Wednesday, January 06, 2010

Immigration Still Too Hot To Handle

The political hot potato of immigration is set to be sidelined once again. Instead political parties prefer to burying heads in the sand and ignore one of the key issues on which voters want answers and clear solutions.

A cross party group of MPs is having a stab it today. But as an election issue, it's still too hot to handle.

"Poll after poll shows the public to be deeply concerned about immigration and its impact on our population," says Labour's Frank Field and Tory Nicholas Soames.

The unlikely bedfellows are part of a cross-party group of around 20 MPs and peers backing a campaign calling for curbs on immigration. But calls to make manifesto pledges not to allow the UK's population to exceed 70 million are likely to fall on deaf ears.

At the heart is former minister Field's long held view that unless restricted, current immigration rates will impact on public services and quality of life.

The problems of immigration won't go away. So groups like the BNP will continue to exploit the issue. As Lord Carey points out, uncapped immigration plays into their hands.

What is needed is open and healthy debate. Face up to the consequences of large-scale immigration and the urgent decisions the country needs to make. Fat chance.

The freedom to discuss one of the burning issues of the day has been hi-jacked by a warped sense of political correctness. England is destined to descend into a unrecognisable region of a 'multicultural' EU.

The abuse of our immigration and asylum system and how successive governments have done little about it is scandalous. The consequences grossly unfair to hard working decent people from whatever social or cultural background..

Most recent election campaigns have failed to bring to the fore a crucial issue voters reckon is among the most important facing the country.

The cross-party Balanced Migration Group warns that current levels of immigration into the UK were "unprecedented" and threatened the "future harmony of our society".

The government must "restore control" over the UK's borders and "break the present almost automatic link between coming to Britain and later gaining citizenship".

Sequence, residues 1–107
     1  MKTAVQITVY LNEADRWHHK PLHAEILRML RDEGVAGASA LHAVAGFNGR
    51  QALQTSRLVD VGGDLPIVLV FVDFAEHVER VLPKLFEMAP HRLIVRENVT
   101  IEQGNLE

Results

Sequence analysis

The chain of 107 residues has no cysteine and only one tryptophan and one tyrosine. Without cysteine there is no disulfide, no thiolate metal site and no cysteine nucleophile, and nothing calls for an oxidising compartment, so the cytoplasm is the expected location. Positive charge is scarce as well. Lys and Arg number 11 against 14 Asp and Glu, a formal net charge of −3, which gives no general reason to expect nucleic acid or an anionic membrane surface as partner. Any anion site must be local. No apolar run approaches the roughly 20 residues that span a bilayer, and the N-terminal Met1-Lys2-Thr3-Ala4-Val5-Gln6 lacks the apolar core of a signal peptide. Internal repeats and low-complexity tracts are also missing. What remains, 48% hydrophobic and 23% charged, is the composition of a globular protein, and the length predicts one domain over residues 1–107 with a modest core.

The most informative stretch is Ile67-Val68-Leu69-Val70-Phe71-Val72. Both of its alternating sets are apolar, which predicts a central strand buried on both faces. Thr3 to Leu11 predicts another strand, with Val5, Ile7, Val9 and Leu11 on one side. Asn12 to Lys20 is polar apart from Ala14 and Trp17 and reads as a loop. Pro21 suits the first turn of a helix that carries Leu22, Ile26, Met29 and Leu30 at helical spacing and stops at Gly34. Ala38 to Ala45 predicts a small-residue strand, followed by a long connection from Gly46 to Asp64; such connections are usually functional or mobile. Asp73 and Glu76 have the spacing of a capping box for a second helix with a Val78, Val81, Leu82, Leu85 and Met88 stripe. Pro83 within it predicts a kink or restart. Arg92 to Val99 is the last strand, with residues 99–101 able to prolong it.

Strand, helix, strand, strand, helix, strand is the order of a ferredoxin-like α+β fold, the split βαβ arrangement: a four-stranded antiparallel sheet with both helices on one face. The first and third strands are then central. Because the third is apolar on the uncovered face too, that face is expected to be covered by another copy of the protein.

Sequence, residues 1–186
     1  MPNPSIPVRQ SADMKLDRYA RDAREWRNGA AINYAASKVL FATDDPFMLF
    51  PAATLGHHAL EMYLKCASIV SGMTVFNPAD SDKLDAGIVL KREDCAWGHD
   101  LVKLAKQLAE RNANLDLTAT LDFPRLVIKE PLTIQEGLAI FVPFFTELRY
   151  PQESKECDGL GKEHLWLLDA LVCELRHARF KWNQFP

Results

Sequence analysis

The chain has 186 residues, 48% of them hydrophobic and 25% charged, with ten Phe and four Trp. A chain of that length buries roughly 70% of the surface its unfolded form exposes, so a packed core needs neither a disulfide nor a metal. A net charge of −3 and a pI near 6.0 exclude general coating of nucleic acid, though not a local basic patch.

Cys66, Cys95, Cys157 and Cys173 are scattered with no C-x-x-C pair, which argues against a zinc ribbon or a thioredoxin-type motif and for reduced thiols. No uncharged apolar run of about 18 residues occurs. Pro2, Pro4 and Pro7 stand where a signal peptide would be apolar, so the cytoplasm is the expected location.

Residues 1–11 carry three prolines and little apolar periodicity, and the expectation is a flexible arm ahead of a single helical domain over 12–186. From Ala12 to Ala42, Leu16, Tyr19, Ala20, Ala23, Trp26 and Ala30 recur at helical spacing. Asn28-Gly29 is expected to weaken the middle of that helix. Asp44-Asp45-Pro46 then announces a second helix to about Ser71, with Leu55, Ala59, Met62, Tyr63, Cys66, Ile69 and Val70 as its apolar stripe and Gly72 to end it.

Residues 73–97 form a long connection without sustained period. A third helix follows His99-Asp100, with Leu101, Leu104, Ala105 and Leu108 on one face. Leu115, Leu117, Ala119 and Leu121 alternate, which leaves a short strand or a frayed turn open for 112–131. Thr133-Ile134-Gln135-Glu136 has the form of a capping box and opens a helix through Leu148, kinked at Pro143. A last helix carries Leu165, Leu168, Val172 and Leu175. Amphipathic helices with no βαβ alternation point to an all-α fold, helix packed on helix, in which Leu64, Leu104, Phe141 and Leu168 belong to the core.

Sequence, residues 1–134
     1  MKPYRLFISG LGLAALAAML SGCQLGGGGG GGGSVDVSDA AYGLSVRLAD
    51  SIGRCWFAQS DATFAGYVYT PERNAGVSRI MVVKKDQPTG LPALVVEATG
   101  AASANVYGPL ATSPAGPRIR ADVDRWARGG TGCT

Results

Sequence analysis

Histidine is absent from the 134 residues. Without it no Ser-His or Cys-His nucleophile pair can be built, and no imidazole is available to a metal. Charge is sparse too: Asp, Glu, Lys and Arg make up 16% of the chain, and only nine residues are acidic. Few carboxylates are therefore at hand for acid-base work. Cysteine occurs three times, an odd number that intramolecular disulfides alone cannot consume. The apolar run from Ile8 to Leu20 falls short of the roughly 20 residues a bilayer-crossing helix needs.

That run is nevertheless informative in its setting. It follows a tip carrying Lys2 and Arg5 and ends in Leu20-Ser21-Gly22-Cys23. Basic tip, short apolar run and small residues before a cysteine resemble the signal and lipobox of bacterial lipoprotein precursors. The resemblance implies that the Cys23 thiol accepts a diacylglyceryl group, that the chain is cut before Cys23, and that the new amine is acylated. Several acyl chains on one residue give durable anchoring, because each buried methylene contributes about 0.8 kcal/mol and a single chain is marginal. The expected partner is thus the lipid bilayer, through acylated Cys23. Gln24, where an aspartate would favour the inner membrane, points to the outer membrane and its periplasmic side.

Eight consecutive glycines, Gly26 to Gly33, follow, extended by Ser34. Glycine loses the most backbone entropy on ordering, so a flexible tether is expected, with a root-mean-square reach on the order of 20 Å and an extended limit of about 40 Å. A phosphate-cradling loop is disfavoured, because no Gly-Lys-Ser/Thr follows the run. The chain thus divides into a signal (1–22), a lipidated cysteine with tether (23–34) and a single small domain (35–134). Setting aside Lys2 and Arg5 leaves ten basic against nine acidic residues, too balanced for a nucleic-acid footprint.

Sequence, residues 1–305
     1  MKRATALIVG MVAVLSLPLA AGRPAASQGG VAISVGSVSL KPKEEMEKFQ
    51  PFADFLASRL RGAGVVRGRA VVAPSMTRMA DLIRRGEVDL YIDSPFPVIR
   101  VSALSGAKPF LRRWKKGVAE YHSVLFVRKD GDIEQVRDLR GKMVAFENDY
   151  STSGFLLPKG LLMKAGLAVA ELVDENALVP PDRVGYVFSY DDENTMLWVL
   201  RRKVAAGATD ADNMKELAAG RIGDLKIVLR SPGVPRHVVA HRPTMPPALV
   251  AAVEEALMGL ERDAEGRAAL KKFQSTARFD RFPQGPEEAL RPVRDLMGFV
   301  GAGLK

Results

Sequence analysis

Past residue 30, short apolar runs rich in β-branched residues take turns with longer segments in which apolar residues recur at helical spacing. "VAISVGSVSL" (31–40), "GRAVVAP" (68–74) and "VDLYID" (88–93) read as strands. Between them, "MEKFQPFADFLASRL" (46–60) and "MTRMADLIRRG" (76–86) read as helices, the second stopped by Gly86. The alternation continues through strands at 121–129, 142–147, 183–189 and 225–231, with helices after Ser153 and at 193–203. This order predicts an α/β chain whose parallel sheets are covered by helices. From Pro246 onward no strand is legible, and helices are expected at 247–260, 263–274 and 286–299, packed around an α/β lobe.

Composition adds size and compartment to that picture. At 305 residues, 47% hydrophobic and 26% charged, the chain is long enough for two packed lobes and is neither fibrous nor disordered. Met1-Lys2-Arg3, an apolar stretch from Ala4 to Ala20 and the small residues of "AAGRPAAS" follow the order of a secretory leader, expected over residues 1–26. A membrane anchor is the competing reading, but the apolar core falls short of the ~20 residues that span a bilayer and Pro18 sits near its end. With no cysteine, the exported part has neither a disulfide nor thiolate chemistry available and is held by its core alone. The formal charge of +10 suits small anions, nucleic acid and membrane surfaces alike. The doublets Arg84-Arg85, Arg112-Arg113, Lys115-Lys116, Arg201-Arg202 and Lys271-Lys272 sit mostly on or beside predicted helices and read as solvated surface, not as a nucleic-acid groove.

But that will require far tighter controls on immigration. Setting population targets are deemed 'unrealistic and counter-productive'.

The lies and deceit of 'open door' immigration was laid bare by former Blair speechwriter Neather, who claimed ministers had allowed immigration to rocket.

'Neathergate' blew the lid off a decade of minister's mealy-mouthed denials of a deliberate 'unchecked' immigration policy. An excuse to create a 'multicultural' Britain and rub the Tories noses in it.

The shameful 'unchecked' immigration policy was exposed in a telling probe by The Sunday Times, suggesting the 'smoking gun' of a vote-rigging scam. A deliberate, covert policy to change the country’s demographics, deliberately using 'unchecked' immigration to puff up New Labour share of the voting cake.

The Orange Party has no problems with controlled immigration to the UK for a better life and to alleviate a skilled shortage. But to entice over hapless workers for a pittance to prop up the feel good factor of the false boom years is a despicable act.

A frank admission that immigration is out of control would be a useful place to start.

The current crisis has nothing to do with those who have arrived and settled in the UK. It is centred on the sheer numbers of those still coming whether legally or illegally. The effect on local communities expected to accommodate them and on limited resources is devastating.

The UK's current problems with immigration stems from EU membership. The country has to recover control of its own borders from the EU.

Immigration can improve our standard of living and quality of life. But a line must be drawn somewhere, particularly when uncontrolled immigration robs other countries of their labour force. This does not mean refusing to admit new arrivals. What is needed is a clear policy of balanced migration.

But it is the issues of exploitation and inequality which most galls the Orange Party.

In terms of available land, the UK is not overcrowded. But the vast majority of land is owned by a very few. Royal estates, the MOD and country landowners make up the bulk. Land ownership by the privileged has made the country overcrowded.

The UK has now been accepting about 250,000 immigrants a year since 1997. Yet we have three million unemployed.

Dependence on immigration depresses wages and only helps the bosses. Those who compete with economic migrants in the labour market tend to be 'poor' and on a low wages. Those who employ them tend to be ‘rich’.

The Orange Party rejects the argument that foreign labour is the only alternative if a job is so badly paid no UK worker will do it. The answer is to fight for better pay and improved conditions in those industries.

Last year the Office for National Statistics said if current trends continued, the UK population would rise by 10 million to more than 71.6 million by 2033 - the fastest rise in a century.

The majority of people oppose mass immigration. Yet anyone proposing immigration controls is swiftly branded a 'racist'. A neat device to brush the issue under the carpet. And for this election it seems that is where it will remain.

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